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Why does the titration curve look like that?!

titration curve1

So! Earlier today.. Somebody asked this question using someone else’s phone.. And then to add to my bemusement, I realized that there were (at least) three people involved not two.. So strange.. But nvm.. Back to the topic at hand..

Summary for the super-fast people:

  1. If you understand that logarithm results in a compressed scale (i.e. lg(10) = 1, lg(100)=2 etc) you should be able to deduce the shape of the titration curve pretty quickly if you know the definition of pH

For the rest of us plebeians, there are a couple of things to bear in mind while you read this post:

  1. There is some simple math involved so have a calculator beside you so that you work out the values with me as you go along
  2. Remember that the pH of a solution is defined as the negative log10 of the hydrogen ion concentration in mol/dm3

Ok! Let’s start with a little bit of simple mole concept first. Imagine that a container contains 1dm3 of 0.1mol/dm3 HCl. What volume of 0.1 mol/dm3 NaOH is needed to neutralize it completely?

A quick calculation should tell you that the volume of NaOH needed is also 1dm3. This value is important for understanding what happens before, during and after the point of complete neutralization!

The table below summarizes the 6 key plot points in the titration curve

titration table

Plot point 1 – What is the initial pH of the solution?

At first, no NaOH is added, thus total volume in container comes from the acid which is 1dm3

Mole of H+ ions at first = conc X volume = 0.1 X 1 = 0.1

Concentration of H+ ions in the container = 0.1 /1 = 0.1

pH of solution = – lg(0.1) = 1

Plot point 2 – What is the pH at the half-way stage of neutralization?

Earlier, we calculated that the volume of NaOH needed to completely neutralize the HCl was 1dm3. So, the half-way point of neutralization occurs when 0.5dm3 of NaOH has been added. A common misconception that many students have is that the solution now has a pH of 4. How did they get this value? (A completely neutralized solution has pH of 7 while the initial pH was 1, so at the half way mark, the pH is 4). See graph below.

titration curve1.5

This is WRONG. The reason is due to the math involved in calculating pH.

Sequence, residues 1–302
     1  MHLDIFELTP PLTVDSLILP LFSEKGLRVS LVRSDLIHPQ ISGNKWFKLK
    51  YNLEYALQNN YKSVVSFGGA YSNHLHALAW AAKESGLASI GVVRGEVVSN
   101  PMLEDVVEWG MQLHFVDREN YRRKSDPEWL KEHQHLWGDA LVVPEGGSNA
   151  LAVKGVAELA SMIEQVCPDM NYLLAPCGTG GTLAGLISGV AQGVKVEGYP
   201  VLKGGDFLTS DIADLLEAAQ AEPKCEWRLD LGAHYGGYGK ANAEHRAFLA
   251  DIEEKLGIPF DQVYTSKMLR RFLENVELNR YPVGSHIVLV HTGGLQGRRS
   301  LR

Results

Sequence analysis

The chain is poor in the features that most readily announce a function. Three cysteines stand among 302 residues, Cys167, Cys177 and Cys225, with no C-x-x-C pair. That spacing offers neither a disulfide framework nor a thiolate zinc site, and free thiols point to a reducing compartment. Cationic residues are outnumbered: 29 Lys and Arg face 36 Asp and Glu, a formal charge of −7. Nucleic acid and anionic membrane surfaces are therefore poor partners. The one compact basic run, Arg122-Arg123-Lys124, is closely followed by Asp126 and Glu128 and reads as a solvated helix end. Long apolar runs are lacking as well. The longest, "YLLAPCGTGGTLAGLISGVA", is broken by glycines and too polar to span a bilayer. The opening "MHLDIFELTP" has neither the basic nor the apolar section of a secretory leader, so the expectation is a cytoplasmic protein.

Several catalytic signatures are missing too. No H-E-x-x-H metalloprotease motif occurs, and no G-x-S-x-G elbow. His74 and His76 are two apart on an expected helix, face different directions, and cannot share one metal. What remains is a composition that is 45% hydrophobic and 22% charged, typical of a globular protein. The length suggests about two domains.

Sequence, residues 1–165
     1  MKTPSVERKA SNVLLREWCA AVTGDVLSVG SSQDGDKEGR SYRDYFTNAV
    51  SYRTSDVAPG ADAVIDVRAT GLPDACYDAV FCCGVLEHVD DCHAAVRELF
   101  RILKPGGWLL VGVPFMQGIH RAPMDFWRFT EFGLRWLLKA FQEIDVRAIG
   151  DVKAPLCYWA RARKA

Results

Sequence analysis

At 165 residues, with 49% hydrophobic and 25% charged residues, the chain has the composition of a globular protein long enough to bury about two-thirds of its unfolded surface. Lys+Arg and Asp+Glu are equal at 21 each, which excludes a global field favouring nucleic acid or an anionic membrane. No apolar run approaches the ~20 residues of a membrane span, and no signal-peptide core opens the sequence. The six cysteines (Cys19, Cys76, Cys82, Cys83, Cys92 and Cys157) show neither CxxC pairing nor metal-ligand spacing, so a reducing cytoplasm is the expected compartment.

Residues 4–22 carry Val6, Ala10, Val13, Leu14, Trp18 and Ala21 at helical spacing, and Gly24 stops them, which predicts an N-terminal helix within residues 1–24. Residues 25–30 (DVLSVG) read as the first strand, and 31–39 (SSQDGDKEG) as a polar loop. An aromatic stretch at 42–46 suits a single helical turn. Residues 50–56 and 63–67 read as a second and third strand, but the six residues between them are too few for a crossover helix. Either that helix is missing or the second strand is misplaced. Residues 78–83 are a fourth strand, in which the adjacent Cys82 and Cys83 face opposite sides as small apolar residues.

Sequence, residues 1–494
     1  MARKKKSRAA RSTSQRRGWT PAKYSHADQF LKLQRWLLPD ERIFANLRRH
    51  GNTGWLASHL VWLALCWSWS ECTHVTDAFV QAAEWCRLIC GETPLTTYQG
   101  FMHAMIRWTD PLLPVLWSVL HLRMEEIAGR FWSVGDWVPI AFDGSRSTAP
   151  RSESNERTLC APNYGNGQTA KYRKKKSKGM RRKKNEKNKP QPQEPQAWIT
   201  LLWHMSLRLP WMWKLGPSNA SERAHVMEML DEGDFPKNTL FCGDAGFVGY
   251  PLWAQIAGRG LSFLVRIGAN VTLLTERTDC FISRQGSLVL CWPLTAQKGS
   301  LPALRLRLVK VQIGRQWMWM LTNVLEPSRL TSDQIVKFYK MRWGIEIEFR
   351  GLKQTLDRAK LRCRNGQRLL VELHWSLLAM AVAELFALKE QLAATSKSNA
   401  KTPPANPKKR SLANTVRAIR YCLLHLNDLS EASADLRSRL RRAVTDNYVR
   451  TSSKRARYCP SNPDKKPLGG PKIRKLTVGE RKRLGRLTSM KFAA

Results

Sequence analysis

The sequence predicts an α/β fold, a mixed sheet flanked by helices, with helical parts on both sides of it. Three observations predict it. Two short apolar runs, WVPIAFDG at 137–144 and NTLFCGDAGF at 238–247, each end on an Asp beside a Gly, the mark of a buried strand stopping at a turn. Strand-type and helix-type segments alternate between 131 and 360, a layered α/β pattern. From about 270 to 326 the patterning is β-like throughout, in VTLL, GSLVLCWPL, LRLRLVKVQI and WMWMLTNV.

After adding 0.5dm3 of NaOH, Mole of H+ ions left = 0.05 (as half the acid has been neutralized)

Concentration of H+ ions in the container= 0.1 /1.5 = 0.0333

(Note: Total volume of solution in container = 1.5dm3. 1dm3 originally from the acid, 0.5dm3 from the NaOH added)

pH of solution = – lg(0.0333) = 1.48

Notice that even at the half-way point, the pH is still quite low and not at pH 4 that you expected!

Plot point 3 – occurs when three-quarters of the acid has been used up. You can work the math out on your own

Plot point 4 – occurs just before the point of complete neutralization

When 0.999dm3 of NaOH has been added, the solution is almost completely neutralized. Work out the pH value on your own and you should realize that the pH is still quite low at 3.3

So, plotting the first 4 points on the graph, you should get the following graph below! See how the curve only increases gradually?

titration curve2

Plot point 5 – point of complete neutralization

At point of complete neutralization, there are no more H+ ions left in the solution, and the concentration of the H+ ions is zero.

pH of solution = – lg(0) = ERROR 2

So why is it we say that the pH of the neutral solution is 7?

This is because, water, which is a polar molecule is able to auto-ionize very slightly on its own to give H+ and an OH ions. Empirically it has been found that for every dm3 of water, there are around 0.0000001 moles of H+ and 0.0000001moles of OH ions. Hence, the concentration of H+ ions is 0.0000001mol/dm3 and the pH of the solution which is calculated by – lg(0.0000001) = 7.    (Note that I have ignored the OH. Because of the definition of pH, I am only interested in the H+)

titration curve3

Plot point 6 – When NaOH is in excess

The simple way of understanding this portion is that, since NaOH is in excess, and since NaOH is a strong alkali, the pH will increase to around 12 or 13.

The excess NaOH reacts with the H+ ions formed by the auto-ionization of water to further decrease the amount of H+ present in the solution. BUT the amount of H+ is never 0 because water will always auto-ionize, so no matter what happens there will be a tiny bit of H+ ions present in the solution. To give you an indication of how tiny, a pH of 13 means that the concentration of H+ ions in the solution is 0.0000000000001mol/dm3!

titration curve4

I hope this helps to clear the mystery and alleviate the misery!


1 Comment

  1. Lenon says:

    It actually explains the shape of potentiometric titration curve too, there’s also a logarithm in the Nernst’s equation.
    Great article!

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